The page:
You are the bridge, the interpreter, the enabler. Aspire to this role and you will begin to acquire a personal value and reputation greater than anyone. Keep in Touch Information and knowledge are crucial to your ability to act as interpreter and coordinator at the start of the cold calling process.

You must therefore take full notes and keep clear records of the cold call at all stages.

You should also take notes or keep yourself informed as the situation develops, whether the development of the opportunity remains your responsibility or not.

If you stay informed and knowledgeable about the resulting sales relationships then you can keep a watchful eye on situations, and thereby grow your personal standing and role beyond canvasser or sales person.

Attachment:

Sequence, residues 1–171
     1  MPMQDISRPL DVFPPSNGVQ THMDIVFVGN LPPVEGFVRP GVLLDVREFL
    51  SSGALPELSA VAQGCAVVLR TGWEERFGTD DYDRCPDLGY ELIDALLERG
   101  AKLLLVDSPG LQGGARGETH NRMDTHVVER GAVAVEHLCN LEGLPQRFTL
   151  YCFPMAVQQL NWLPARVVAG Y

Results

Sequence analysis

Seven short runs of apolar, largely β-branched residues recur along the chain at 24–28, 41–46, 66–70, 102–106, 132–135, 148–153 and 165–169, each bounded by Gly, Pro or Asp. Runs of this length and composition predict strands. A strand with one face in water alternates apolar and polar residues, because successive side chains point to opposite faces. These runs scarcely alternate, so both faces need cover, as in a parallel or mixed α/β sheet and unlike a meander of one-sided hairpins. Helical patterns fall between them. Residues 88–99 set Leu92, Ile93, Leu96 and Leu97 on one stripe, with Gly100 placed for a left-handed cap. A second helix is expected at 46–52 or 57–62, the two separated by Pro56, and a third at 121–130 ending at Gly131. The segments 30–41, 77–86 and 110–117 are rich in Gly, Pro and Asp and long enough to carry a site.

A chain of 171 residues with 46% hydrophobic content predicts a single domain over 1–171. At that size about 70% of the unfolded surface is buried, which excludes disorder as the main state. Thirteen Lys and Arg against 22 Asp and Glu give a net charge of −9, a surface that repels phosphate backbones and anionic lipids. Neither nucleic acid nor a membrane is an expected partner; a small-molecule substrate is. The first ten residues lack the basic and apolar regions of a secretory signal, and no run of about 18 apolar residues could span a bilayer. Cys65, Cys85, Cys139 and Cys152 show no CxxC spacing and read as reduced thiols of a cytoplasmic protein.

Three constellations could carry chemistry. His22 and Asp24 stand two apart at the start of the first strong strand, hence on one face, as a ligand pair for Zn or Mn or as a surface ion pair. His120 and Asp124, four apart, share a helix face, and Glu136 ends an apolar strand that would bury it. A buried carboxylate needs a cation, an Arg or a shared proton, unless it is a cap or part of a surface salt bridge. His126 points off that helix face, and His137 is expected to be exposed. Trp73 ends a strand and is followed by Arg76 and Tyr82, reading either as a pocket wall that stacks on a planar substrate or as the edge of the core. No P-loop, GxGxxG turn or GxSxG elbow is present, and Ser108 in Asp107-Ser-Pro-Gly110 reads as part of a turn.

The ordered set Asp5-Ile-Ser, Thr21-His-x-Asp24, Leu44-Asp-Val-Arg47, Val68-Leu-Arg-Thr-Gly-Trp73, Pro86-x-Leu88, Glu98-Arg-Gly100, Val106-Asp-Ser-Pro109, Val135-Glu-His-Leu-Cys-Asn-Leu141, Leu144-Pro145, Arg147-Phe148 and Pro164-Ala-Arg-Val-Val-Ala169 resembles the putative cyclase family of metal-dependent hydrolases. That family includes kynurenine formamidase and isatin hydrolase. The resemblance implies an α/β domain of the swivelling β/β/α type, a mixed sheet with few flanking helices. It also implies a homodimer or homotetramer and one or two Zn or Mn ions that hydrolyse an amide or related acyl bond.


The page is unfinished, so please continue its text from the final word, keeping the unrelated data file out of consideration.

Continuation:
You have a responsibility for all relationships that you begin: to your customer contacts - and arguably a personal commitment which transcends organizational systems and policies. Many customers, especially personal contacts who put great faith in you at the beginning of the relationship, will expect and appreciate your staying in touch - if only as a last resort in the event of unresolved problems.